ARARAT Rural City Council has been handed the final invoice for costs associated with the state government’s inquiry into a plan to abolish differential rates.
Councillors were told during Tuesday night’s ordinary meeting that Ararat Rural City had recently received an invoice from the Department of Environment, Land, Water and Planning for the Commission of Inquiry.
The total amount was $87,160.31.
Cr Jo Armstrong said Ararat Rural City had "gotten off very lightly" and she was "grateful" to the state government for asking the council to pay that amount.
Deputy mayor Glenda McLean suggested during a council meeting in August that Ararat Rural City could have been liable for $1 million in costs.
The cost of the inquiry will be paid under delegation by Ararat Rural City’s chief executive.
“The costs will be included as a budget overrun in the Quarterly Finance Report, which will be presented to council at its February 2018 council meeting,” a report to councillors stated.
In June, Victorian Local Government Minister Natalie Hutchins ordered a commission of inquiry into Ararat Rural City’s proposal to abolish differential council rates.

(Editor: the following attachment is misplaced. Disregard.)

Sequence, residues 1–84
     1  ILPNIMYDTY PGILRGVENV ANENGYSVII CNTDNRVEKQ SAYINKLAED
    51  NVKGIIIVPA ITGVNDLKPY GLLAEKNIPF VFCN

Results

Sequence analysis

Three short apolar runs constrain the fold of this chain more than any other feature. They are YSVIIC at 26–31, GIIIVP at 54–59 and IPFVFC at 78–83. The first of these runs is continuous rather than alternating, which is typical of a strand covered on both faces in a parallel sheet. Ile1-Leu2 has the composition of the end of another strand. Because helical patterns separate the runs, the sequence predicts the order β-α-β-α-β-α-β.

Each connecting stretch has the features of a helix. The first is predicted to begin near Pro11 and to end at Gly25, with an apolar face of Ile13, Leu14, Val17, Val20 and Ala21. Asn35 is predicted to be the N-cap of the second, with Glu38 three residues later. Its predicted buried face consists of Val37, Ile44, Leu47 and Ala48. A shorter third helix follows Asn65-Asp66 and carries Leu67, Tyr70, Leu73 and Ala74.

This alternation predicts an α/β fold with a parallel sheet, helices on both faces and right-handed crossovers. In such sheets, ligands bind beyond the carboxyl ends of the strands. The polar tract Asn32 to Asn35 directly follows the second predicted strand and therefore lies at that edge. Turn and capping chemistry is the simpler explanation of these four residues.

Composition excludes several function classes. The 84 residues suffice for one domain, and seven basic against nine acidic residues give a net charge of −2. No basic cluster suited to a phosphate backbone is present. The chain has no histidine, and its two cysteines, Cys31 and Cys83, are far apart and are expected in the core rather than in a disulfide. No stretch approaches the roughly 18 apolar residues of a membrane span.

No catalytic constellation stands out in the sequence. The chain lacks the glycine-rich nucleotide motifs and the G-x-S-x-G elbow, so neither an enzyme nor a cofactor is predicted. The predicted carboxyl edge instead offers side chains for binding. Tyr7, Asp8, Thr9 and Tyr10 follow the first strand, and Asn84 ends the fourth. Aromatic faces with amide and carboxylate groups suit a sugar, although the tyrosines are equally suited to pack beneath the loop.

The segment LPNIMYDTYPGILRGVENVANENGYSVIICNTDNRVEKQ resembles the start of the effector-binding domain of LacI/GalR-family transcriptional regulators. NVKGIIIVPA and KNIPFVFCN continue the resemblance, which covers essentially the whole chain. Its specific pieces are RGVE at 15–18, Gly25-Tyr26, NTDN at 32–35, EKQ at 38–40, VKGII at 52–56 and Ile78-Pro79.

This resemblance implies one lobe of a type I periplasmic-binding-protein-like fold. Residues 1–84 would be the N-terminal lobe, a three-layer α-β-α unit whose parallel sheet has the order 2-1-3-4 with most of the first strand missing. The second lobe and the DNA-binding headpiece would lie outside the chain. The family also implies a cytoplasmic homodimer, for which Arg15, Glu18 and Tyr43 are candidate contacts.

The proposal would have offered a discount to industrial, commercial and residential property owners, but removed a 45 per cent discount for farm properties.
Ms Hutchins said the proposal was ‘extreme’ and tasked the inquiry with investigating the proposal, the community consultation behind it, and other governance issues.
The Victorian Farmers Federation launched a campaign against the changes, drawing hundreds of primary producers to council meetings.
After holding public and private hearings in Ararat, the inquiry report stated that “The Commission orders pursuant to section 214(3) of the Local Government Act 1989 that Ararat Rural City Council pay all of the costs of the Commission of Inquiry”.